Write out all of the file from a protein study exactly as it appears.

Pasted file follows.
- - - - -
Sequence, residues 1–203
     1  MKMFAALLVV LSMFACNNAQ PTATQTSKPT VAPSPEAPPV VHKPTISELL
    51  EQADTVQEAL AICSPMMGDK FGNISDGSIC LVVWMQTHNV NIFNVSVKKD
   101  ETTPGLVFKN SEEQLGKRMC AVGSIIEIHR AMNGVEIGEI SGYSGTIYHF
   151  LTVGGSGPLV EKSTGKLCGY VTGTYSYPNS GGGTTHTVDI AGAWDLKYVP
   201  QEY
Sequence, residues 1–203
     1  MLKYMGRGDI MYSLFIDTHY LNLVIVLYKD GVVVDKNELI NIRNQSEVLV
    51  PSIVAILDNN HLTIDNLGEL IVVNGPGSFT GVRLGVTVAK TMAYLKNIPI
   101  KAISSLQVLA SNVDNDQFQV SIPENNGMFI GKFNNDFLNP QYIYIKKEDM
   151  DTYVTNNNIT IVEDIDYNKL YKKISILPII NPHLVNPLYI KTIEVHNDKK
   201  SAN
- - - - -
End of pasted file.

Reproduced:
Sequence, residues 1–203
     1  MKMFAALLVV LSMFACNNAQ PTATQTSKPT VAPSPEAPPV VHKPTISELL
    51  EQADTVQEAL AICSPMMGDK FGNISDGSIC LVVWMQTHNV NIFNVSVKKD
   101  ETTPGLVFKN SEEQLGKRMC AVGSIIEIHR AMNGVEIGEI SGYSGTIYHF
   151  LTVGGSGPLV EKSTGKLCGY VTGTYSYPNS GGGTTHTVDI AGAWDLKYVP
   201  QEY
Sequence, residues 1–203
     1  MLKYMGRGDI MYSLFIDTHY LNLVIVLYKD GVVVDKNELI NIRNQSEVLV
    51  PSIVAILDNN HLTIDNLGEL IVVNGPGSFT GVRLGVTVAK TMAYLKNIPI
   101  KAISSLQVLA SNVDNDQFQV SIPENNGMFI GKFNNDFLNP QYIYIKKEDM
   151  DTYVTNNNIT IVEDIDYNKL YKKISILPII NPHLVNPLYI KTIEVHNDKK
   201  SAN